Welcome to the XMM-Newton Science Operations Centre


The European Space Agency's (ESA) X-ray Multi-Mirror Mission (XMM-Newton) was launched by an Ariane 504 on December 10th 1999. XMM-Newton is ESA's second cornerstone of the Horizon 2000 Science Programme. It carries 3 high throughput X-ray telescopes with an unprecedented effective area, and an optical monitor, the first flown on a X-ray observatory. The large collecting area and ability to make long uninterrupted exposures provide highly sensitive observations.

Since Earth's atmosphere blocks out all X-rays, only a telescope in space can detect and study celestial X-ray sources. The XMM-Newton mission is helping scientists to solve a number of cosmic mysteries, ranging from the enigmatic black holes to the origins of the Universe itself. Observing time on XMM-Newton is being made available to the scientific community, applying for observational periods on a competitive basis.

Read more about the spacecraft, mirrors and instruments and about the XMM-Newton SOC.

News and Highlights

Telescopes-Paint-Stunning-View-Of-Galaxy-Cluster-With-Black-Hole-JetsTelescopes Paint Stunning View Of Galaxy Cluster With Black Hole Jets 8-Apr-2024
Views of a massive galaxy cluster Abell 2256 have been captured by NASA’s Chandra X-ray Observatory, ESA’s XMM-Newton and three radio telescopes (LOFAR, the GMRT and the VLA). See a composite of all the views here. Credit: NASA/CXC/A. Hobart
Further details on Space.com web portal.

persistent-hiccups-draws-astronomers-new-black-hole-behavior-0327Persistent “hiccups” in a far-off galaxy draw astronomers to new black hole behavior 1-Apr-2024
“This is a brilliant example of how to use the debris from a disrupted star to illuminate the interior of a galactic nucleus which would otherwise remain dark. It is akin to using fluorescent dye to find a leak in a pipe,” says Richard Saxton, an X-ray astronomer from the European Space Astronomy Centre (ESAC) in Madrid, who was not involved in the study.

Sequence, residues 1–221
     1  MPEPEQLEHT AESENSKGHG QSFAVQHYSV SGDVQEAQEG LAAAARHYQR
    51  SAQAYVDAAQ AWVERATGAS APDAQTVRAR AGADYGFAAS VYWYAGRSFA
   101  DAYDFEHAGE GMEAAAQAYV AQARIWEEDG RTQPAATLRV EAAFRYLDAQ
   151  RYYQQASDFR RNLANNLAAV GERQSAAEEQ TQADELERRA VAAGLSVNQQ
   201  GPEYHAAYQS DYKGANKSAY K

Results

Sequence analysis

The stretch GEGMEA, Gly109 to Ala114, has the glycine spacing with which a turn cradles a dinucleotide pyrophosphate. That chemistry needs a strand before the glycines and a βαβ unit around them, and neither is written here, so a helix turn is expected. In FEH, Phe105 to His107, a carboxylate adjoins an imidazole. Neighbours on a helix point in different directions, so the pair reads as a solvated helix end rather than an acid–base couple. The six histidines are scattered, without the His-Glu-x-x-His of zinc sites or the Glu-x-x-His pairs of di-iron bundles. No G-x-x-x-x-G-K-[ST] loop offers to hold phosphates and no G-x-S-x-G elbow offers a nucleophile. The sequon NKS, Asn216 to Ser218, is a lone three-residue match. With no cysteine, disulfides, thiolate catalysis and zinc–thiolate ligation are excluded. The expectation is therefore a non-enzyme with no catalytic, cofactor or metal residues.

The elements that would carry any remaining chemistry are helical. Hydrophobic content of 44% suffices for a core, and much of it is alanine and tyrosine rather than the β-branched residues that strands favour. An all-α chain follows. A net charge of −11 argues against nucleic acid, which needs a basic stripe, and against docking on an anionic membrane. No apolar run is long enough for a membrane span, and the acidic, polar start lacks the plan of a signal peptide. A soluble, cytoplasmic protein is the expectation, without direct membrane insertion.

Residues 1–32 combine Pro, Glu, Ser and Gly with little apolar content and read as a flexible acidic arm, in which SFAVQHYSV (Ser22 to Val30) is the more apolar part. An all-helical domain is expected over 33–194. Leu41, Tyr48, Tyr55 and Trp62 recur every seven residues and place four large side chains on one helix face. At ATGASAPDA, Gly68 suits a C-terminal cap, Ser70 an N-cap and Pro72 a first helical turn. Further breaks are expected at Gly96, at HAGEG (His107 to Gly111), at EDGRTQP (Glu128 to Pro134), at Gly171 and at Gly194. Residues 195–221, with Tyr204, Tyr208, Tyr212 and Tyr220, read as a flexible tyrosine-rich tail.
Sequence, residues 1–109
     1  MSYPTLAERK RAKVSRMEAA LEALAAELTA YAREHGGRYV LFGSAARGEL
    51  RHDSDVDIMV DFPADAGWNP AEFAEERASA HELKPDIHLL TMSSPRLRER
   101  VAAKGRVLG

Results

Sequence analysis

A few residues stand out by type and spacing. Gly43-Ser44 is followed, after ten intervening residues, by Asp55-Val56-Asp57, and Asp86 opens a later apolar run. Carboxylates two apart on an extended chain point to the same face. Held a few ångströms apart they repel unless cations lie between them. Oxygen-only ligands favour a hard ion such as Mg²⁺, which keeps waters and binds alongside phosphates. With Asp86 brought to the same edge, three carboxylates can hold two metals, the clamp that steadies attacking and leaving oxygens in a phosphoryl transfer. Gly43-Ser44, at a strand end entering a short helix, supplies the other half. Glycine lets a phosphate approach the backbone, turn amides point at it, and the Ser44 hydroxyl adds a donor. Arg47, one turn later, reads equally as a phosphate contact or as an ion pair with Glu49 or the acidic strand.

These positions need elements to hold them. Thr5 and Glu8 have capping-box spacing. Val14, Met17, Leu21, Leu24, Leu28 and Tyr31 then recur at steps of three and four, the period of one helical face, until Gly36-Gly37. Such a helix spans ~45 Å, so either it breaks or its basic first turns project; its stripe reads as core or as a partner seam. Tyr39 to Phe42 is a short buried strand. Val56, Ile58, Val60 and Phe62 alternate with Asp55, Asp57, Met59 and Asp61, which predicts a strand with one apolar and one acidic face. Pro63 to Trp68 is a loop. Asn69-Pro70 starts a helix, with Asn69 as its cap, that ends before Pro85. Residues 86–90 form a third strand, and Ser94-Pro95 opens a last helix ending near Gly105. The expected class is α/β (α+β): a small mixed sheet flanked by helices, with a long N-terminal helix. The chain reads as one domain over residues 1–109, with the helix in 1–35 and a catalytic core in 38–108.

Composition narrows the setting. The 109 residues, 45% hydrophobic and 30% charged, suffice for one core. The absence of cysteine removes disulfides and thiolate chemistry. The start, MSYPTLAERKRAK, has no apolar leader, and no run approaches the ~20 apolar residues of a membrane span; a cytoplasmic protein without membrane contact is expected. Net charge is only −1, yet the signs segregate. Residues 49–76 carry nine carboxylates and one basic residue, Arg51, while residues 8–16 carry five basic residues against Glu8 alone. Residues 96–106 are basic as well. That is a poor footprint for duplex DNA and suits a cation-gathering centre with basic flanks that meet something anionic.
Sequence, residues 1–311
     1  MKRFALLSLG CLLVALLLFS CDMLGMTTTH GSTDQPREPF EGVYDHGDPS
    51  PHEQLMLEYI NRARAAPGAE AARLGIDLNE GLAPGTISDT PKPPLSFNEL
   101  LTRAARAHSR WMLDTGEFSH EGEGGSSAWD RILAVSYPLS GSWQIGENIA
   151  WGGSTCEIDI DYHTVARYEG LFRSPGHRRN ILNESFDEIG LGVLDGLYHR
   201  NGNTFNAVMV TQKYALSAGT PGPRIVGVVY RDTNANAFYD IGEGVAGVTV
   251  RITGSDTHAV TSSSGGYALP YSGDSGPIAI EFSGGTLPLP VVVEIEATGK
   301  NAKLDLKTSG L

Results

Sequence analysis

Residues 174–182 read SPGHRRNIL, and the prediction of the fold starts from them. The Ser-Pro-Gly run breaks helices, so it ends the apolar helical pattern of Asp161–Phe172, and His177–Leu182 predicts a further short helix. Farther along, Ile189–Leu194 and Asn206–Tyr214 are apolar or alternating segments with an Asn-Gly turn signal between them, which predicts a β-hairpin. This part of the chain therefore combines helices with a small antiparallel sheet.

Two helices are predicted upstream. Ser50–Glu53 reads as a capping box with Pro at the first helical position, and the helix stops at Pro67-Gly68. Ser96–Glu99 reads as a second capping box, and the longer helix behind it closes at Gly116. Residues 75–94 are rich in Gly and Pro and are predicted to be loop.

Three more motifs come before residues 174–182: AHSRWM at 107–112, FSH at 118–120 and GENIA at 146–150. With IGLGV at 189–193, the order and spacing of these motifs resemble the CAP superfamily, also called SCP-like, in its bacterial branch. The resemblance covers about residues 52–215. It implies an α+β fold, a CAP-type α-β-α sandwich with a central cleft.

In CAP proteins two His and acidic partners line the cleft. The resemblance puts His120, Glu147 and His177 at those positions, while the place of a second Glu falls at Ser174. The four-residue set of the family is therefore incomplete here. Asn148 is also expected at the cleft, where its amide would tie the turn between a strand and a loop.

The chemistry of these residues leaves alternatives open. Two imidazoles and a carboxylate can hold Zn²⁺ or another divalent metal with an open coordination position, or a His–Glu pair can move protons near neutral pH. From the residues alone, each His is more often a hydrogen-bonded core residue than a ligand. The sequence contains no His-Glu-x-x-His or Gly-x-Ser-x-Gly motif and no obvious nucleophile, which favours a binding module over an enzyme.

Further details on MIT News web portal and Astronomický ústav AV ČR youtube channel.

2024-03-cataclysmic-variable-astronomersNew cataclysmic variable discovered by astronomers 1-Apr-2024
By analyzing the data from ESA's XMM-Newton and Gaia satellites, astronomers from the Leibniz Institute for Astrophysics Potsdam (AIP) in Germany and elsewhere have detected a new magnetic cataclysmic variable system, most likely of the polar type.
Further details on Phys.org web portal.

stunning-echo-of-800-year-old-explosionMarvel at stunning echo of 800-year-old explosion 26-Mar-2024
In the year 1181 a rare supernova explosion appeared in the night sky, staying visible for 185 consecutive days [...]. X-ray observations by ESA’s XMM-Newton show the full extent of the nebula and NASA’s Chandra X-ray Observatory pinpoints its central source.
Further details on ESA web portal.

variability-nearby-ultra-fast-rotatingObservations inspect variability of a nearby ultra-fast rotating active star 07-Mar-2024
Results of the observational campaign, published February 29 on the pre-print server arXiv, provide crucial insights into the short-term and long-term variability of this star. [...] Analyzed data was mainly from ESA's XMM-Newton satellite.
Further details on Phys.org web portal.

black-hole-tantrumXMM-Newton spots a black hole throwing a tantrum 01-Feb-2024
Until now, this ultra-fast 'black hole wind' had only been detected coming from extremely bright accretion discs, which are at the limit of how much matter they can draw in. This time, XMM-Newton detected ultra-fast wind in a distinctly average galaxy which you could say was 'only snacking'.
Further details on ESA web portal.